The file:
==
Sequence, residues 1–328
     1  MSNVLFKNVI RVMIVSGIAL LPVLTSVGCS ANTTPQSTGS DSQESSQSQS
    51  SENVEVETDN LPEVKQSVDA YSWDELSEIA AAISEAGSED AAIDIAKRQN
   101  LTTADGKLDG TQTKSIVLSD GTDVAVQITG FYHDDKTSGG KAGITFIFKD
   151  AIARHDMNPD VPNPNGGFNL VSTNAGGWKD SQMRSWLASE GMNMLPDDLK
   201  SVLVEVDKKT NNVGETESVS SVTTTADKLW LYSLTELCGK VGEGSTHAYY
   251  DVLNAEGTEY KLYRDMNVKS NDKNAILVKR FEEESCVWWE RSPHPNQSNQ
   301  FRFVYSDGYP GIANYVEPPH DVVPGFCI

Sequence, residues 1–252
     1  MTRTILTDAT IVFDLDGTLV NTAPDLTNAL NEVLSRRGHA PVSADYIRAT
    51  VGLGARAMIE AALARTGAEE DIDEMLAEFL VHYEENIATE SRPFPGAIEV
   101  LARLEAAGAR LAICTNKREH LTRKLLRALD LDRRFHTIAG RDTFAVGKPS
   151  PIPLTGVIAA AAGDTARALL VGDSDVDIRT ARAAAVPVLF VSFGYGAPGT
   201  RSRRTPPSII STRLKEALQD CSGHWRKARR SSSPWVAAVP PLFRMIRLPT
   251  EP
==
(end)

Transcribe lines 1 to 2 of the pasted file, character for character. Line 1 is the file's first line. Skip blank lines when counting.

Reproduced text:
Sequence, residues 1–328
     1  MSNVLFKNVI RVMIVSGIAL LPVLTSVGCS ANTTPQSTGS DSQESSQSQS